The three new friends who met up with the recent arrivals to welcome them to New York, Sarah, Jesse, and Liz

The three new friends who met up with the recent arrivals to welcome them to New York, Sarah, Jesse, and Liz


Welcome to New York

Hussain hadn’t celebrated his birthday in five years, so when three Ads-Up volunteers ordered him a birthday pancake from IHOP, the modest gesture made him visibly emotional.

Meet Sarah, and Liz and Jesse, three women in New York who met through Ads-Up when they were matched with with three refugees who had recently been resettled in the city.

Hussain, Rehan, and Shabab, each in their 20s, had landed in New York with barely more than the clothes on their backs. Ads-Up connected them with local Aussies to take them shopping for essentials.

The six first met at the International House of Pancakes, which is when they discovered it was Hussain's birthday. “It was great to have a group of us and we’re all now in touch,” Sarah says.

The men had spent five years stranded in limbo, held in unlawful, prison-like conditions for several of those years.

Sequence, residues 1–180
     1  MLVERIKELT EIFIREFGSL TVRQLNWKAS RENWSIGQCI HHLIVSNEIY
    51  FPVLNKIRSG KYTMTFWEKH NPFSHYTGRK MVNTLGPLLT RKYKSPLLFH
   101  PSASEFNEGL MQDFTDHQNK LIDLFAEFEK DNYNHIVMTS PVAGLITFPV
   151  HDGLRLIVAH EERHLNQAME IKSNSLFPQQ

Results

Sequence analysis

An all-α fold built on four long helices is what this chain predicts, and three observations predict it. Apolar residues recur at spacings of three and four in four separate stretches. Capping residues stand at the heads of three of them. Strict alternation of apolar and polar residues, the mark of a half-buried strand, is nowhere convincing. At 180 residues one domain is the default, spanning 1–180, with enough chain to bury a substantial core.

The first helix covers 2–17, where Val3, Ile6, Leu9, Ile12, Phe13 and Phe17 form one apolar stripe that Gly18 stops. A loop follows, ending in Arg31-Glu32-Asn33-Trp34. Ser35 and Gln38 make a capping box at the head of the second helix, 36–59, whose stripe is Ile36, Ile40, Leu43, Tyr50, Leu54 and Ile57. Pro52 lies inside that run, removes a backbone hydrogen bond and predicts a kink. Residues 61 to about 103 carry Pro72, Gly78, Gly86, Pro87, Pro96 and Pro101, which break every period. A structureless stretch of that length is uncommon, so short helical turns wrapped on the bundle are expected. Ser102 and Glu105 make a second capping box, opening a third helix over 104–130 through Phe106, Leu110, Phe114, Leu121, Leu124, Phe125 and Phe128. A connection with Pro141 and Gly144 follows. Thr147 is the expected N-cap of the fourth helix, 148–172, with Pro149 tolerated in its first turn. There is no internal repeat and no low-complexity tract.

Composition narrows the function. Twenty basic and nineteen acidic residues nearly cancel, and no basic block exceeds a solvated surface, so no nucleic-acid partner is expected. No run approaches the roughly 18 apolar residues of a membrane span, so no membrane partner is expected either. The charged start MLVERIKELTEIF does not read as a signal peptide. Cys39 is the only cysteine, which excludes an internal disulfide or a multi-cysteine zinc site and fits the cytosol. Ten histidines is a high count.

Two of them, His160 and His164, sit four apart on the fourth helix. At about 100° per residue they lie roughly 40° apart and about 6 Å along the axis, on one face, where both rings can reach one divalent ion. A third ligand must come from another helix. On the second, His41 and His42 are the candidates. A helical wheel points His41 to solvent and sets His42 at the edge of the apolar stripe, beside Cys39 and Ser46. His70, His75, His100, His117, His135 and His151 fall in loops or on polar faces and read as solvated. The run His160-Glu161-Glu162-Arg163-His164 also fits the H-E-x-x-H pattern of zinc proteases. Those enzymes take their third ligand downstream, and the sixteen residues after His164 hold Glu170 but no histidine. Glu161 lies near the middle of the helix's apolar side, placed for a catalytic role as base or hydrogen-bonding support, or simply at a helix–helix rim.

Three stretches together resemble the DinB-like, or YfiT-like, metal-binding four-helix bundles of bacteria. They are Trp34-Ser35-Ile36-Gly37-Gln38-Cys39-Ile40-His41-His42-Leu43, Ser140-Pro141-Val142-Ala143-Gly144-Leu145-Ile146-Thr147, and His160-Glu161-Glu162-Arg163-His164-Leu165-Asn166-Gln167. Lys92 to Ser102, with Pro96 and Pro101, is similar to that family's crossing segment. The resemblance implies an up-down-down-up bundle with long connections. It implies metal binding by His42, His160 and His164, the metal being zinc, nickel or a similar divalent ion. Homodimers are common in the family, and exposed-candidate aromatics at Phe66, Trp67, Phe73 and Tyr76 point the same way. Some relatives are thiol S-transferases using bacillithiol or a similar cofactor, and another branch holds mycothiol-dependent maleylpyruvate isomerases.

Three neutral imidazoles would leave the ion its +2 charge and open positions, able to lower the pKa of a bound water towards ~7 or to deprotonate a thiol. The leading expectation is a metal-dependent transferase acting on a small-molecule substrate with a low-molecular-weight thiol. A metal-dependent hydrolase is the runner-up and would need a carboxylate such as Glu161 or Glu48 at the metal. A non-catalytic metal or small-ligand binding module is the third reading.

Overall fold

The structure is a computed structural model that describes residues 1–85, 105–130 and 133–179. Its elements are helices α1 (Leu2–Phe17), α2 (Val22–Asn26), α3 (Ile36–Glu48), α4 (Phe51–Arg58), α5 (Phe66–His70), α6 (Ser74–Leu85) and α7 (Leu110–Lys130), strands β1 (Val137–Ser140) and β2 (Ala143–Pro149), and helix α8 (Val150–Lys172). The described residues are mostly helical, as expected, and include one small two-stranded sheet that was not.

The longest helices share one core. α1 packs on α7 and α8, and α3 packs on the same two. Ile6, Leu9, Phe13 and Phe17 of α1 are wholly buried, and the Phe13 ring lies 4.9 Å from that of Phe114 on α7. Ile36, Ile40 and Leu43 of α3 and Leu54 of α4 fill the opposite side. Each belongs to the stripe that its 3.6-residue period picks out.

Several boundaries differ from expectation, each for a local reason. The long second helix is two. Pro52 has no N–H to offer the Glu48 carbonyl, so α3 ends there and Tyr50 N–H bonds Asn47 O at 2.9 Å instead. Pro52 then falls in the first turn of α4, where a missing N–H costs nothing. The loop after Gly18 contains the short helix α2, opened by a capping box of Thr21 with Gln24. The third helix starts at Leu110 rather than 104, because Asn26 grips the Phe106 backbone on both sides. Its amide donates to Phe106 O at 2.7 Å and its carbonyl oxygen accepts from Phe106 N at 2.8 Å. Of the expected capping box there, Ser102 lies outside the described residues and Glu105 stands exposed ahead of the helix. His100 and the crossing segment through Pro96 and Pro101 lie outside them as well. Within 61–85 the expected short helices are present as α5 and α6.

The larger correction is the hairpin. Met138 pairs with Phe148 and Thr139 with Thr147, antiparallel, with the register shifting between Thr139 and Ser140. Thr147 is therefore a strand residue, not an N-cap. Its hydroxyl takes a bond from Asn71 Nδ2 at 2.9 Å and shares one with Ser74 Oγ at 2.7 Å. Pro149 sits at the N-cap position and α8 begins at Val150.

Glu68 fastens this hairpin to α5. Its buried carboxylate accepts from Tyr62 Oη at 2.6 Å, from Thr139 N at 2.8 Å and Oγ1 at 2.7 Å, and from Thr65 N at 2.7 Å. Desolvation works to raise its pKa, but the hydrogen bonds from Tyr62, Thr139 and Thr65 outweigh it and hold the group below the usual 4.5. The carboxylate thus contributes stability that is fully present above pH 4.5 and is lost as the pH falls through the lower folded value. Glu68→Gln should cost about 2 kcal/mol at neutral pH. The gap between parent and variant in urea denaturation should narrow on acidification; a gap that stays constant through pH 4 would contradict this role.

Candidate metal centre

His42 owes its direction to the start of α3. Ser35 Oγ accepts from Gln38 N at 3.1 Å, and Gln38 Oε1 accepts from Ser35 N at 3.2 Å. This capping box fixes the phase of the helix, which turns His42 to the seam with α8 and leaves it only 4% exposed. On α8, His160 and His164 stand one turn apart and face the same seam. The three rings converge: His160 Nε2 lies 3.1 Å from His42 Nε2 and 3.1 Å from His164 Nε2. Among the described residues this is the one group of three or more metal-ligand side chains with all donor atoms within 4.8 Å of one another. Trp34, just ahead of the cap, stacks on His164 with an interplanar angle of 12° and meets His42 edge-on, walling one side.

"I’m 26 but I look 46," one of the men told the Australians when they met. "One day on Manus equals 5 years.”

Sarah says the three of them have been through a lot. “One was on a ship which capsized. They waited in the water for 8 hours and saw fellow passengers drown while waiting for their may day call to be answered,” she says.

For their part, the Aussies were struck by how well the men were adjusting, even after what they’d been through.

"I just keep being surprised how easy it is to get along with them. They’re really easy-going. Easy to chat with. They’re cheeky. They’re big into social media. But the trauma is really clear too," she says.

"I was struck by how much they looked like regular New Yorkers. Not standing out in any way."

Sarah, a tech entrepreneur, invited them to the launch an app for finding friends at festivals, Hot Hot Cold.

“They had a great time at the launch and people were keen to meet them,” she says.

"It’s a stark contrast to a friend of the men who has been sent to a rural area in Washington State on the west coast,” she says. "They are really worried. They say he hears hunters in the local woods and the gun shots are triggering.”

Ads-Up is working to connect refugees like their friend in Washington with Australians across the United States to provide advice and friendship. To join the hundreds of Australians across the USA who form a part of the Ads-Up network, sign up to our mailing list or visit our FAQ section for more information..